by Paul Mero
Last year, Sutherland Institute hosted a public debate at Thanksgiving Point on immigration. The room was large, filled almost to capacity seating with more than 700 people, and raucous. The air in the room was electric. Opposing teams were filled with heavy hitters in the debate. My role was “the closer.” By the time I stood to share my prepared remarks the crowd was heated, loud and disruptive. I knew that what I was about to say wouldn’t calm them down. In fact, I knew it would inflame them.
I second-guessed myself momentarily, thinking I ought to bag the prepared remarks and adapt my comments to the mood of the crowd. But no, sometimes the toughest words are the best – as long as the words are truthful and delivered with a constructive spirit. Of course, those qualities are always up for debate. In the end, I said what needed to be said in front of those who needed to hear it.
The topic of homosexuality in law and policy requires the same directness and clarity, in my opinion. Sutherland Institute has published extensively on the subject. Sutherland staff members have spoken extensively on the subject. And in every case we’re conscious of and, perhaps surprising to some, sensitive about the words we use.
The push for non-discrimination ordinances in Utah is a case in point. Sutherland’s opposition to those ordinances centers on specific words – “sexual orientation,” “gender identity,” and “perceived as.”
Words have meaning. Sexual orientation has a tangible meaning under the law, or it doesn’t. The same goes for gender identity. Sexual orientation cannot have a circular meaning, as defined in these non-discrimination ordinances, and still have tangible meaning. We cannot say, “It means what it means.” We cannot reasonably say that sexual orientation means homosexuality, for instance, unless we then define homosexuality (which the ordinances do not do).
It is no coincidence, or bit of irony, that sexual orientation (let alone gender identity) is touted mostly as feelings and attractions. Both concepts are subjective and vague. Sutherland has argued that such definitions cannot possibly be argued satisfactorily in a court of law – and, when someone is accused of violating someone’s feelings or attractions as the ordinances permit, those accusations are impossible to defend against, except maybe to say, “Nuh-uh!” Add the “perceived as” language and we have created unequal rights in the name of equal rights – giving ever more credibility to the position that “gay rights” are simply special rights not afforded other human beings.
The meaning of words can unite or divide people. We know that specific usage of words can bring people together or drive them apart. But we don’t give enough attention to how the meaning behind the words can have the same effect.
At a memorable debate at the University of Utah between Sutherland Institute and Equality Utah nearly three years ago – part of which was subsequently memorialized in the movie 8: The Mormon Proposition – I stated that I couldn’t see any common ground to be found between our two sides. Not because I didn’t want to find common ground, but just because both sides were looking at the same thing and seeing it differently. Both sides can see homosexuality. From Sutherland’s legal and policy perspective, our side necessarily sees homosexuality as sexual behavior, a tangible “measurement” of identity. From a personal vantage point, the other side sees feelings and attractions more than behavior. As opinions go, to each his own. But as laws are made, both sides find themselves unavoidably separated by the meanings behind the words.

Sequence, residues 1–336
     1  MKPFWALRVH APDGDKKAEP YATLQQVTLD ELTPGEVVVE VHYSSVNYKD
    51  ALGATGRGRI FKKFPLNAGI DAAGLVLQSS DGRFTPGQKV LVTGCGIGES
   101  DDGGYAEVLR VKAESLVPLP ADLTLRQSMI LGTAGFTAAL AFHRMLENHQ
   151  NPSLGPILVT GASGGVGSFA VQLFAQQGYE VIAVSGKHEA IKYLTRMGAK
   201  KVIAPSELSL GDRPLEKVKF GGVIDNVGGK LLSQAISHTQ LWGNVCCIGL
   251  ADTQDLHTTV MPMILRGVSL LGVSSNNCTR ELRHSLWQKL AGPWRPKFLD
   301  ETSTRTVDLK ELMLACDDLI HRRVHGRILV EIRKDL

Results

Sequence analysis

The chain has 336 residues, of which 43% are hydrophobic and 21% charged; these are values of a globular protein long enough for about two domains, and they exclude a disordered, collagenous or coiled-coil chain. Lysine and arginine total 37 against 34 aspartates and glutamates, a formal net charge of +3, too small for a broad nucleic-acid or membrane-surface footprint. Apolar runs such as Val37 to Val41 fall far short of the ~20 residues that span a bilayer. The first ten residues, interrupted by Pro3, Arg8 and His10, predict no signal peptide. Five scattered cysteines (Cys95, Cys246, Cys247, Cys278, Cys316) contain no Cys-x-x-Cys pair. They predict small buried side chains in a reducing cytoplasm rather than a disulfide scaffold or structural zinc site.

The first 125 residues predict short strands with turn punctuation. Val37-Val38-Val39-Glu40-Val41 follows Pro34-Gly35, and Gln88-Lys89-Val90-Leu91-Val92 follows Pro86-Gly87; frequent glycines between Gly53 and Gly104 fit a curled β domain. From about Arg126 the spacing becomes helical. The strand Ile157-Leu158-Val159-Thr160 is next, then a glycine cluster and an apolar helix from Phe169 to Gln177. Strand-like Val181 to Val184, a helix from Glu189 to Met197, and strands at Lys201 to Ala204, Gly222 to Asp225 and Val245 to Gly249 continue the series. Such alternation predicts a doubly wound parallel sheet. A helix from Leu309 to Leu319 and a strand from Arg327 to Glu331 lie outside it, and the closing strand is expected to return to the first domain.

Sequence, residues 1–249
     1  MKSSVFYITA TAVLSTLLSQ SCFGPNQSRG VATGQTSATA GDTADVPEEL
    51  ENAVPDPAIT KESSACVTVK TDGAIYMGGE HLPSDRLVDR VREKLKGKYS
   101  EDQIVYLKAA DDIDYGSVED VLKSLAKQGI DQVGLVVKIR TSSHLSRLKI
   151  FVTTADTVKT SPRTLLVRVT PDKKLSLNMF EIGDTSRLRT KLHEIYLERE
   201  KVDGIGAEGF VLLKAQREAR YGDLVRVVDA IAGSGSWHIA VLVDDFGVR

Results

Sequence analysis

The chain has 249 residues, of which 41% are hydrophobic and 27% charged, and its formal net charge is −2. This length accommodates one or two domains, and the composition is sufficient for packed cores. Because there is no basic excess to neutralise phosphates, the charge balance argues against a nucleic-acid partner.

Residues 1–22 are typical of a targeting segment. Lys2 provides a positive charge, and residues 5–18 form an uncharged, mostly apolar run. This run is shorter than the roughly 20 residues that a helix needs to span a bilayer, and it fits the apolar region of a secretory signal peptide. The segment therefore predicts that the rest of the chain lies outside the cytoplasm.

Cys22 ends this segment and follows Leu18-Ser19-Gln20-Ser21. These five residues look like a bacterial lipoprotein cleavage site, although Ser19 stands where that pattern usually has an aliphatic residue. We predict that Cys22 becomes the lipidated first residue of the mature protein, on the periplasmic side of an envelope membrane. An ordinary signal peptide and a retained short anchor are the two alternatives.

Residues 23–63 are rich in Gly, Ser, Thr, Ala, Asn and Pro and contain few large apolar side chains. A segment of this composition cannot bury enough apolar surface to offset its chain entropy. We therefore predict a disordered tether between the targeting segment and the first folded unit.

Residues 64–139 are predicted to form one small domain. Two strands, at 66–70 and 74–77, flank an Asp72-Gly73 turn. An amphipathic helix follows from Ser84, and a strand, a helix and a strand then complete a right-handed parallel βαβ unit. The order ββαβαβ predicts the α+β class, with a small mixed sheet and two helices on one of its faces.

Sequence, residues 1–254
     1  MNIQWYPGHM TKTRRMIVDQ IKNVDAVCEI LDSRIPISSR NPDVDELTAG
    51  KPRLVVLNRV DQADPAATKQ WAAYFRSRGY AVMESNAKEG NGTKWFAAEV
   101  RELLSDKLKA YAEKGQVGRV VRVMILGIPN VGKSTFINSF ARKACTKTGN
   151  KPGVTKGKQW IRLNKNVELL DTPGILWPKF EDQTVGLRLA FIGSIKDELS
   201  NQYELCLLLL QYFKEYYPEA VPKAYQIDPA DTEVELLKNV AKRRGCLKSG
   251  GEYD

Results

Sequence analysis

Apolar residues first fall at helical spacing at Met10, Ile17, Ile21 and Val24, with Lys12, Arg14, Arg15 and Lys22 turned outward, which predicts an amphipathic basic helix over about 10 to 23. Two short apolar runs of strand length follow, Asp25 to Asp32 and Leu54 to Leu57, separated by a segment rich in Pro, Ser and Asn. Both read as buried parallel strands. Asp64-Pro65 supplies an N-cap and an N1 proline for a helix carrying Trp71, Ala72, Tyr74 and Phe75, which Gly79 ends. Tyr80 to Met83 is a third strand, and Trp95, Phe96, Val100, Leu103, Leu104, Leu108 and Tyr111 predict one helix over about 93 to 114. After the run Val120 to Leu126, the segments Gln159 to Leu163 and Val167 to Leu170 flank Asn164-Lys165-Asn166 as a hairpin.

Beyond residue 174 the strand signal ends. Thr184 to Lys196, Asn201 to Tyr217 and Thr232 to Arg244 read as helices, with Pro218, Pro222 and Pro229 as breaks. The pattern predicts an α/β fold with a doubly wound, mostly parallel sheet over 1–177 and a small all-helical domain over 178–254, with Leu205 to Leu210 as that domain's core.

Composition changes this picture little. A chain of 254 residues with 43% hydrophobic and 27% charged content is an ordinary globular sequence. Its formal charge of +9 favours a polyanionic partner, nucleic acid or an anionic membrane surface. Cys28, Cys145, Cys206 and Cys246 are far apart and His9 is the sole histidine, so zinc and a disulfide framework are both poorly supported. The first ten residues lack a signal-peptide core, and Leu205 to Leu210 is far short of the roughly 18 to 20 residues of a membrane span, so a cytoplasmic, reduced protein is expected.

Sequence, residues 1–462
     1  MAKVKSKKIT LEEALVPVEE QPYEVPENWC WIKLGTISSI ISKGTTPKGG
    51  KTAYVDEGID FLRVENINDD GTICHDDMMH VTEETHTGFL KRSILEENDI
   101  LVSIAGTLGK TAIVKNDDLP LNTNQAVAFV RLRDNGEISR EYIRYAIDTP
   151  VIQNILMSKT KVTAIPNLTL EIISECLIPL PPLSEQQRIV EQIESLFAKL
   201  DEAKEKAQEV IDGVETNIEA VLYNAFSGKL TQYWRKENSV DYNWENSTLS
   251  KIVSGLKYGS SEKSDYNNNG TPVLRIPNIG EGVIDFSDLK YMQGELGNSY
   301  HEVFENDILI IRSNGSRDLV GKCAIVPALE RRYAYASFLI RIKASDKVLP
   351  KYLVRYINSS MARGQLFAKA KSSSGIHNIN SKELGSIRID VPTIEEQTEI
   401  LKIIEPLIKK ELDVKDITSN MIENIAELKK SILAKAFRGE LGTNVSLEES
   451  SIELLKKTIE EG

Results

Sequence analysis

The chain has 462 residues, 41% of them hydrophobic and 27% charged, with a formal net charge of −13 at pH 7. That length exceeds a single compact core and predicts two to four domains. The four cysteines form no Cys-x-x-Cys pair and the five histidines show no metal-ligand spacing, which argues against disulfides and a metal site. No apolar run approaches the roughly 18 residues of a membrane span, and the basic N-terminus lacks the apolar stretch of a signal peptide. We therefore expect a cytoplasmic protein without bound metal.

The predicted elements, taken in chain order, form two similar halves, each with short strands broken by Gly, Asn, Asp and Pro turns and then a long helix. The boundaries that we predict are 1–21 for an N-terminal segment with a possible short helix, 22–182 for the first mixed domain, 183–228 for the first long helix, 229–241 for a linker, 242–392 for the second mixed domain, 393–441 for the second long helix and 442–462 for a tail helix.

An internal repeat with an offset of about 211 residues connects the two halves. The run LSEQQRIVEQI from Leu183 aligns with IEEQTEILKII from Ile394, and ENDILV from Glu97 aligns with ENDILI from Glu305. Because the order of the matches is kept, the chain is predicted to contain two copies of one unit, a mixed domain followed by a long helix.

The war of public opinion in Utah demonstrates this point. When public opinion polls survey Utahns about homosexuality-related topics, sentiments swing one way or the other based on the words used to form the questions. Words such as “gay” or “sexual orientation” or “discrimination” or “equality” prompt sympathy. Words such as “homosexual” or “sexual behavior” or “special privileges” prompt antipathy in these surveys. There are specific meanings underlying these words.
This reality is precisely why advocates of homosexuality push for tolerance (which also has multiple meanings, it seems) and what some of us refer to as “politically correct” language – and why “nice” people tend to embrace such appeals. Who wants to be unnecessarily unkind?
Certainly no one associated with Sutherland Institute wants to be unkind to anyone. Surely our reasonable efforts in the immigration battle have demonstrated that. In fact, at the immigration debate previously mentioned, I shared these remarks:
“Justice is most often served when we leave people with some hope. People without hope can become desperate and will resort to anything to survive. Undocumented immigrants might have come to Utah in desperation, but we shouldn’t want them to remain desperate while they’re here. Take their hope away, especially in a punitive manner, and we’ll see many more problems before we ever see any lasting solutions.”
I understand that for many people inside and outside of homosexuality, hope is more than important – it is essential. Sutherland’s efforts to address these issues legislatively, whether proactively or reactively, focus on what it means to be a human being, the meaning of freedom and a free society and, last but not least, the meaning of family.
Words have meaning because life has meaning – and this is why hope matters at all to human beings. Truth undergirds it all. Pontius Pilate is infamous for the cynical question to Jesus, “What is truth?” as if truth were nonexistent or meaningless. If Utah is to come to unity on issues of homosexuality and “gay rights,” we should seek truth or, at the very least, agree on the importance of the meanings behind the words we seek to memorialize into law.
Paul Mero is president of Sutherland Institute.